Plan a Special Thanksgiving for Kids

Get kids excited about Thanksgiving by involving them in the party planning

Giant cornucopia filled with gourds.
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When you think of celebrating Thanksgiving with kids, what images come to mind? If your first thought is a group of bored cousins sitting at the kiddie table -- think again. Kids can enjoy many elements of this special holiday, from playing fun games to helping prepare the Thanksgiving feast. 

Involve Them in the Preparations

Kids love to cook, and almost any recipe has steps even young children can handle.

Let them sprinkle marshmallows on top of the candied yams, or show them how to mash potatoes. With some supervision, older kids could be put in charge of checking the turkey’s temperature every 30 minutes or so, and teenagers can prepare an entire Thanksgiving side dish from start to finish.

Children also can be asked to set the table and decorate it, too. Have them make place cards ahead of time and gather items from the backyard for a nature-inspired tablescape.

The moments before dinner is served can be stressful for many Thanksgiving hosts. It’s a tricky task to get everything on the table on time and at the right temperature. Plan some activities to occupy the children during that time, such as playing some Thanksgiving-themed games as led by an older cousin or gathering to watch a Thanksgiving-themed DVD, such as A Charlie Brown Thanksgiving or another family-friendly Thanksgiving flick.

The kids also could use that time to prepare one final item for the table: scraps of paper and pens placed on each family member’s plate so everyone can write down the things for which they’re thankful. Once everyone shares their sentiments during dinner, have the children collect the slips of paper and store them in a special place, year after year.

Make Meal-Time Kid Friendly

Tweens and teens certainly can be expected to sit through the entire Thanksgiving feast, but keep in mind that young kids -— on a purely developmental level -— simply cannot sit in one place for more than 10 minutes or so. A few crayons and some Thanksgiving coloring pages might keep them sitting there longer, but set a realistic expectation before dinner starts of how long you would like them to dine with the family. Then, excuse them if they’ve made it past that point and are starting to squirm. They’ll be glad to be set free, and you won’t spend the rest of dinner gritting your teeth.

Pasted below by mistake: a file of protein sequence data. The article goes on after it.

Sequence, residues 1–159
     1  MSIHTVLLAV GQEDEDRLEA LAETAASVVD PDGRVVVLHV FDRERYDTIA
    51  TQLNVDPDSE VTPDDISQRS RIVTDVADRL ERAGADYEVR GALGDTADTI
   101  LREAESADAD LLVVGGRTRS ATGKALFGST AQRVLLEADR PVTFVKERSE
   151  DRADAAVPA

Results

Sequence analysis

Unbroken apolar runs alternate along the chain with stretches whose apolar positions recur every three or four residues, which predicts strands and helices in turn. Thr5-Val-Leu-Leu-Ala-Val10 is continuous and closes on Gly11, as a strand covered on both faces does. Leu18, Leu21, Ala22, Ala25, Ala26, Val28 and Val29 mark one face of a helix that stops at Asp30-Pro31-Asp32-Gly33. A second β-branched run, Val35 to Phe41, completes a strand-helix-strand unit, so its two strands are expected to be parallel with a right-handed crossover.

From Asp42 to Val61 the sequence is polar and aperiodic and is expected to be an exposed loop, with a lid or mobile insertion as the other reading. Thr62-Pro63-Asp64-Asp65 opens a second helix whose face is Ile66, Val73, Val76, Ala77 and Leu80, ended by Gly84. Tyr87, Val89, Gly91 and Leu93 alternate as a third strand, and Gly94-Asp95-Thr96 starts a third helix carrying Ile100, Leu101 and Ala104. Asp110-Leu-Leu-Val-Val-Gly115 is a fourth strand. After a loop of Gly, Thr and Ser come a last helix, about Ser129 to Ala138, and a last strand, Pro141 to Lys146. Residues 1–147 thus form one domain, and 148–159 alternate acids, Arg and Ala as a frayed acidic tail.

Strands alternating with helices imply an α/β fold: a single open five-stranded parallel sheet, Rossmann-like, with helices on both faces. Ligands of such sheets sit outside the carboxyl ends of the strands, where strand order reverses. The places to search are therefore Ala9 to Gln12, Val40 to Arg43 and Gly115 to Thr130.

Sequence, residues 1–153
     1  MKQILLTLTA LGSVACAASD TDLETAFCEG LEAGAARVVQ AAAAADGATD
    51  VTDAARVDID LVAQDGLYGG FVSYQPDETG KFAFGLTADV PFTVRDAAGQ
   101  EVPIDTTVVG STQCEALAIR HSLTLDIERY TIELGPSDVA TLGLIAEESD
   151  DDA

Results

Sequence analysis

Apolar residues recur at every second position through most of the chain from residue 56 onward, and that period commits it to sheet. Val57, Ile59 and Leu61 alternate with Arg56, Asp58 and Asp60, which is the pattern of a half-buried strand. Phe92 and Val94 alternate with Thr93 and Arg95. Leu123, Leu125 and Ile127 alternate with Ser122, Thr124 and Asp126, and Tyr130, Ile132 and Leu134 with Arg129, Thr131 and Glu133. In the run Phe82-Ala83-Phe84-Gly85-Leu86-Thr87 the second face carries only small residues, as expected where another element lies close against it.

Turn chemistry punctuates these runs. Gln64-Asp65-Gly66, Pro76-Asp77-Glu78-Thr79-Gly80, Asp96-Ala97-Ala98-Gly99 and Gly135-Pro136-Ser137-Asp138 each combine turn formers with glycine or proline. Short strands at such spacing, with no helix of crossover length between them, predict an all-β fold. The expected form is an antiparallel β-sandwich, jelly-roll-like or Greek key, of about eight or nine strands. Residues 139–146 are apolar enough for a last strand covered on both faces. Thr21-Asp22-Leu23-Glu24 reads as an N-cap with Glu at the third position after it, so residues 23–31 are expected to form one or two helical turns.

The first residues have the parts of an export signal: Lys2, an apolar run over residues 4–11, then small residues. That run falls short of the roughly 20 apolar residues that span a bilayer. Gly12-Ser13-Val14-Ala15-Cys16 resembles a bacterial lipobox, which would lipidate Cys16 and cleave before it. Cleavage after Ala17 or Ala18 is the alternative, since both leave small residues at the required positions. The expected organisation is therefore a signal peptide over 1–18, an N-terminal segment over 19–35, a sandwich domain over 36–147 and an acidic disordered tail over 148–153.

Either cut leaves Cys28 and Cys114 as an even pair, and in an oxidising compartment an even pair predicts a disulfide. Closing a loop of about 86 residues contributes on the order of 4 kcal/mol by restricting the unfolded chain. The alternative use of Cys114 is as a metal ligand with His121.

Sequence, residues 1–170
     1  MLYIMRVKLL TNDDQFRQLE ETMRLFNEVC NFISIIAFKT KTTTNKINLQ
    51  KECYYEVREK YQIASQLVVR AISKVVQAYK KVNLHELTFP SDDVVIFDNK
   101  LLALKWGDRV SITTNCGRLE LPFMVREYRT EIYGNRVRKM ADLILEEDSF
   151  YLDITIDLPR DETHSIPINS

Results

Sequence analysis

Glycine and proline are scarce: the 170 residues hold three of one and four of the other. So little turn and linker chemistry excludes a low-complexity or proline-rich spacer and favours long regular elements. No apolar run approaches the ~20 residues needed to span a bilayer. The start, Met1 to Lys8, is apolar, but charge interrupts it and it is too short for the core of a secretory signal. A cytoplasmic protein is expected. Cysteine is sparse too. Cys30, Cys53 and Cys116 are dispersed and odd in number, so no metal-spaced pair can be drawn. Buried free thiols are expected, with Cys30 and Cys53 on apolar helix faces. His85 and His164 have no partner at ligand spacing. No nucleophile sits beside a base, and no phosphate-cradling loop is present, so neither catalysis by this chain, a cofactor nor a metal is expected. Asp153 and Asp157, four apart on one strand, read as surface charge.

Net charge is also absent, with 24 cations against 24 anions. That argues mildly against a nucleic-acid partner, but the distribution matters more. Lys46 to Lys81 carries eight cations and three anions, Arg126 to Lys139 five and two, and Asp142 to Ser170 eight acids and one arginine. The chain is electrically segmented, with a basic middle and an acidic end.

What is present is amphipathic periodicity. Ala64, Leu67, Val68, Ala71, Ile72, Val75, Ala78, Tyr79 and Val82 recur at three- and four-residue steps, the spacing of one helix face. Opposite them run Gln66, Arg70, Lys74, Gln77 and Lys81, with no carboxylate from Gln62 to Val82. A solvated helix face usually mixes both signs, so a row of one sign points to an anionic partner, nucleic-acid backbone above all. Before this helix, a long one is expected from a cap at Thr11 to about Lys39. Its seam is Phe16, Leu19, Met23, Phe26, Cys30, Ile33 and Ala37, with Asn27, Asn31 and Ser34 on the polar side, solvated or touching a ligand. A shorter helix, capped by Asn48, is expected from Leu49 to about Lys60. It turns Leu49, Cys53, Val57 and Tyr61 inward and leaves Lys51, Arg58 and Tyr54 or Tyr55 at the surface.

Get them to help with the after-dinner tasks. Everyone can be expected to help clean, even if a young child’s job is only carrying dirty napkins to the laundry room or wiping the table with a damp rag.You can make the cleanup a fun activity for all by playing some family-friendly music and having a group sing along as you clear the table and straighten up the kitchen.

Create Family Traditions

Think of other traditions you can incorporate into Thanksgiving to make it fun, such as an annual round of football games or an actual game of football with the neighbors. How about a morning “turkey trot” with the family?

Another idea is to make watching the parade on television a Thanksgiving morning ritual, or have the kids create a fun little parade of their own through the house or yard. You can also help children learn the meaning of Thanksgiving by reading books about it during the days leading up to the holiday.

In the days leading up to the big day, engage the kids in a pumpkin decorating activity. Another idea is to create thankful pumpkins. Give each family member a pumpkin on November 1st. On each day leading up to Thanksgiving, have them write something they are grateful for on the pumpkin. Spend Thanksgiving morning reading them and then use them as centerpieces for the dining tables. Journals are another great place to write down those blessings, which can be counted together as a family by reading aloud at the dinner table.